The word wilderness derives from the notion of "wildness"—in other words, that which is not controlled by humans. The mere presence or activity of people does not disqualify an area from being "wilderness." Many ecosystems that are, or have been, inhabited or influenced by activities of people may still be considered "wild." This way of looking at wilderness includes areas within which natural processes operate without human interference.

The WILD Foundation states that wilderness areas have two dimensions: they must be biologically intact and legally protected. The World Conservation Union (IUCN) classifies wilderness at two levels, Ia ( Strict Nature Reserves) and Ib ( Wilderness Areas). Most scientists and conservationists agree that no place on earth is completely untouched by humanity, either due to past occupation by indigenous people, or through global processes such as climate change. Activities on the margins of specific wilderness areas, such as fire suppression and the interruption of animal migration also affect the interior of wildernesses.

Especially in wealthier, industrialized nations, it has a specific legal meaning as well: as land where development is prohibited by law. Many nations have designated wilderness, including Australia, Canada, New Zealand, South Africa and the United States. Many new parks are currently being planned and legally passed by various Parliaments and Legislatures at the urging of dedicated individuals around the globe who believe that "in the end, dedicated, inspired people empowered by effective legislation will ensure that the spirit and services of wilderness will thrive and permeate our society, preserving a world that we are proud to hand over to those who come after us."

Wilderness (band)

Wilderness is a Baltimore-based indie rock band currently signed to Jagjaguwar. Led by the theatrical, chant-like vocal style and lyrical presence of James Johnson, they are known to create a complex brand of post-punk that heavily recalls mantra-punk pioneers Lungfish and more closely Public Image Limited. Their debut full-length was recorded, mixed and mastered in May and June 2004, by Chad Clark and T.J. Lipple at Silver Sonya in Arlington, Virginia. It was released in July 2005 and has been widely celebrated in indie music circles. The band performed at North East Sticks Together in September of that year.

On April 11, 2006, the band released their second full-length, Vessel States, which received mixed critiques in comparison to their debut.

On November 4, 2008, the band released their third full-length album, (k)no(w)here.

Wilderness (book series)

Wilderness (book series) is the generational saga of a mountain man and his Shoshone wife by American author David Robbins. The series has run for twenty years, making it one of the longest contemporary series written by a single author. The first title was published in 1990. New titles are published four times a year. To date there have been sixty-four regular books and seven Giant Editions. The series has received critical notice from the Pulp Rack, Western Fiction Review and others.

Wilderness (Parker novel)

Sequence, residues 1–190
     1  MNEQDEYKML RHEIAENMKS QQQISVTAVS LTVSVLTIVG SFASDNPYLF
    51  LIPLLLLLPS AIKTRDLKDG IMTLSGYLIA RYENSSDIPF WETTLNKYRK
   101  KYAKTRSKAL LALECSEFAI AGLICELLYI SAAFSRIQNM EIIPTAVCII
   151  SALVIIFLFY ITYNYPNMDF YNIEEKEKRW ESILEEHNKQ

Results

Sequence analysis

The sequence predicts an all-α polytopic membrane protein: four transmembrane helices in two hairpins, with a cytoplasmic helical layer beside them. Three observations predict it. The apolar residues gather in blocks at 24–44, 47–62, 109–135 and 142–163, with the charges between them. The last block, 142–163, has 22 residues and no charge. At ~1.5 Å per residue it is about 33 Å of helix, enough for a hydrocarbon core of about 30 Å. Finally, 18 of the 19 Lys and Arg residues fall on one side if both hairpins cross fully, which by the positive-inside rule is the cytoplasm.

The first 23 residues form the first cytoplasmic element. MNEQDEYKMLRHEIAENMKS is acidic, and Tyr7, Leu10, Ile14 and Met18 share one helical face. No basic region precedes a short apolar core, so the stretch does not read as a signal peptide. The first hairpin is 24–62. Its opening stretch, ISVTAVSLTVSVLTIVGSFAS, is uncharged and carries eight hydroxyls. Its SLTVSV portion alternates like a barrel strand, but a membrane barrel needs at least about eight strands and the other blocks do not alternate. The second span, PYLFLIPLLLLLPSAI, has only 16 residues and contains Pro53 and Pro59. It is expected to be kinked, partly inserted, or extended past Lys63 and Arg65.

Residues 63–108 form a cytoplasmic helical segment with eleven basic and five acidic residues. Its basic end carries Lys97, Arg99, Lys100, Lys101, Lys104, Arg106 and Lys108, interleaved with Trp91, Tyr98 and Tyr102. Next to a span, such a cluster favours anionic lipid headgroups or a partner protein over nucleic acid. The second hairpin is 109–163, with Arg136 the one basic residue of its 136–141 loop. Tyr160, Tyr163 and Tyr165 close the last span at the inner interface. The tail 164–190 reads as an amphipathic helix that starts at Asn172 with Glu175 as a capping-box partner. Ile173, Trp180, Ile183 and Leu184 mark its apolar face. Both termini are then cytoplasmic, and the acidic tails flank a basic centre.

Wilderness is a novel by American writer Robert B. Parker.

Wilderness (The Features album)

Wilderness is the third studio album by American rock band The Features, which was released on July 26, 2011 on label Bug Music/Serpents and Snakes.

Wilderness (The Handsome Family album)

Wilderness is the ninth studio album by country duo The Handsome Family. It was released in May of 2013 by Carrot Top Records.

Usage examples of "wilderness".

It is then visited by those elevated meditations which are the proper aliment of noble souls, and are, like manna, sent from heaven, in the wilderness of this world.

The awesome, aperiodic double helixwith its seductive suggestion of encoded information assembling an entire organismspread before him at twenty-one, wider than the American Wilderness.

Nevertheless Sir Robert Vansittart, chief diplomatic adviser to the Foreign Secretary and one of the leading opponents in London of the appeasement of Hitler, saw Kleist on the afternoon of his arrival, and Winston Churchill, still in the political wilderness in Britain, received him the next day.

A cross-country trek at night through an alien wilderness would be dangerous, not to say foolish, in my present condition, but I had to get back to the Bandersnatch soon.

They have parallel-parked their bimbo boxes in identical computer-designed Burbclave street patterns and secreted themselves in symmetrical sheetrock shitholes with vinyl floors and ill-fitting woodwork and no sidewalks, vast house farms out in the loglo wilderness, a culture medium for a medium culture.

They were closer to Red Bluff than Redding, putting down finally on the edges of what the map showed as the Yolla Bolly Middle Eel Wilderness.

Two days later, Kadour ben Saden, with his daughter and followers, rode south through the pass below Bou Saada, bound for their home in the far wilderness.

His explanation made it sound possible, even somewhat simple, as if they were looking for the boy in a section of New York and not in the wilderness and ruined towns in the thousands of square clicks of O-Zone, which was itself a byword for everything unknown and unfathomable and empty and strange.

Park of Extinct Animals was breached and many of the inner enclosures were opened, releasing into the wilderness nearly the entire extraordinary collection of carefully cloned beasts of yesteryear: moas, quaggas, giant ground sloths, dodos, passenger pigeons, aurochs, oryxes, saber-toothed cats, great auks, cahows and many another lost species that had been called back from oblivion by the most painstaking manipulation of fossil genetic material.

They were the two men whom I had first encountered on Gor, when I had awakened, nude, chained by the neck in the wilderness.

Julian Clyve faced them across the wilderness of polished wood, beyond which, through the wall of glass, was spread the Lake of Geneva with its giant fountain, like a little white flower far below them.

Rugged, pristine wilderness stretched as far as Daile could see, forested ridges gilded by the morning light.

Be it enough to say that once again I came to that little house in the uttermost wilderness, and there once more was the garth and the goat-house, and the trees of the forest beyond it, and the wood-lawns and the streams and all the places and things that erst I deemed I must dwell amongst for ever.

Calo-John, not depending on the forces of his own kingdom, had drawn from the Scythian wilderness a body of fourteen thousand Comans, who drank, as it was said, the blood of their captives, and sacrificed the Christians on the altars of their gods.

Immacolata had dreamt of it often, and spoken of the wilderness where it resided.